We recorded this episode shortly after Holly and I returned from a trip to Disney World. While we were there, we ran a bunch of races (she ran more than twice as far as I did) and spent some quality time with some Disney princesses. We have pictures of me and Holly with Belle and of Holly with ... just about all of them.
The princesses have stirred up their share of controversy, so we thought we'd talk about where that controversy comes from and whether any of it is short-sighted.
- Holly loves Disney princesses. You probably noticed this if you've listened to other episodes.
- "Cinderella Ate My Daughter"
- Whether Cinderella "does anything" in the Disney version
- Scholarship around "The Princess and the Frog" and how race relates to feminist criticism
- The princesses that "marry up" vs. the ones who were born as princesses
- Disney Princesses: a $4.4 billion entity to market things
- Changeling fantasies in children, and gender play in children
- The legacy of doll backlash, from Barbie to Disney Princesses
- The dream of love or something more that is common to most Disney princesses, and whether that means they're just after a husband
- The picture on the Internet of all the princesses and their terrible messages
- Holly's (and sometimes my) defense of many of the princesses
- Snow White: Coping, helping, earning her keep and being an aristocrat who pitches in with the working class in a time of struggle
- The "Should we tell girls they're pretty?" debate
- Cinderella: Making the best of a bad situation, dealing with being bullied
- Aurora: It's the fairies who really do everything in this movie! Aurora and the prince are similarly empty vessels. Also, '50s-era relationships between doing/not doing housework
- Ariel: It starts with Ariel wanting more than what she has, and then totally becomes all about a boy
- Belle: My favorite! Bookish, not about the boy, looking after her father, and the difference between the Beast's decision to change due to her influence vs. her attempting to deliberately change him
- Before anybody gets mad about Holly calling the princesses "good girls," let me point out that none of them are adult women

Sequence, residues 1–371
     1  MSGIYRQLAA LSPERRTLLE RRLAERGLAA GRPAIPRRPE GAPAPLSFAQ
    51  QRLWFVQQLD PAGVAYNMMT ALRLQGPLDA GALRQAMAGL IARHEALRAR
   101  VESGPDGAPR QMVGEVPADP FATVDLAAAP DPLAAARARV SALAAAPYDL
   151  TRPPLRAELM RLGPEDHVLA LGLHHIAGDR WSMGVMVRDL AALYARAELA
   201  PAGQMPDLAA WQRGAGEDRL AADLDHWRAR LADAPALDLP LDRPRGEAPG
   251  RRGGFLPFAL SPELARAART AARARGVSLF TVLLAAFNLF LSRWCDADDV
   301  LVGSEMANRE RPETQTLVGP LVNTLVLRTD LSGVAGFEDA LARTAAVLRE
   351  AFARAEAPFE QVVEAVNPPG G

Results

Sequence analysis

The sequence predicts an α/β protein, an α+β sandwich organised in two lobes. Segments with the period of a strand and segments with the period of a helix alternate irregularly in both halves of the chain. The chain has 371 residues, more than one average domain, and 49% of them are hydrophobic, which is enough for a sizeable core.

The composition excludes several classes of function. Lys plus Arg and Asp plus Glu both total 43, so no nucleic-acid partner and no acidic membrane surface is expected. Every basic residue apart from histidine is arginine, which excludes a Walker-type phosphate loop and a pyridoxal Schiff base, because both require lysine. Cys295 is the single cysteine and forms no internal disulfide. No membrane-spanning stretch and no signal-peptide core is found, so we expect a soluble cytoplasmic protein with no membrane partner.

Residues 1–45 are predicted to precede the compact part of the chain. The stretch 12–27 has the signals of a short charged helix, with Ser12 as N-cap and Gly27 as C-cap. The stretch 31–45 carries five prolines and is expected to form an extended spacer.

- The weird Magic Kingdom time loop where no movie has yet had its resolution, yet everyone is happy
- Jasmine: The oversexualization/anachronism debate, and her own decision to marry for love
- A throwback to our New Year's Resolutions episode and the craziness of resolving to fall in love
- The maybe-princesseshood of Mulan and Pocahontas and whether they are in the official Disney Princess
- Mulan's great-exampletude, even if she is not a "real Disney Princess"
- Tiana: the first black Disney princess, an entrepreneur, and her active pursuit of her personal dream of owning a restaurant, and she still pursues that dream after becoming a princess
- Increasing diversity among girls dressed as Disney princesses since "Princess and the Frog" came out
- Rapunzel: She copes with being a shut-in by being smart, artistic, and bookish, and her song that reminds me of the Major-General's song from "Pirates of Penzance," and how she does some of the rescuing
- My search for Rapunzel/consent criticism to see if it existed, which it didn't, which made me glad
- The Disney Princess Half-marathon and the nerd boat which means I can't run it
- Adults' suppositions of how princesses affect children vs. the one-and-only-one actual study of children that I found when researching (Wohlwend, below)
- Listener mail! From Paul about our What's in a baby name? episode, which is now the episode we've gotten the most mail about, surpassing even Should it be hard to be a geek?
- Disney Products Chief Quits
- Do Rozario, Rebecca-Anne C. "The Princess and the Magic Kingdom: Beyond Nostalgia, the Function of the Disney Princess." Women's Studies in Communication. Spring 2004.
- Hurley, Dorothy L. "Seeing White: Children of Color and the Disney Fairy Tale Princess. "The Journal of Negro Education." Summer 2005.
- Lester, Neal A. "Disney's 'The Princess and the Frog': The Pride, the Pressure and the Politics of Being a First." The Journal of American Culture. Vol. 33, No. 4. December 2010
- Orenstein, Peggy. "What's wrong with Cinderella?" New York Times. December 24, 2006.
- Wohlwend, Karen. "Damsels in Discourse: Girls Consuming and Producing Identity Texts Through Disney Princess Play." Reading Research Quarterly. Vol. 44 no. 1, 2009
Episode link: Defending Disney Princesses?
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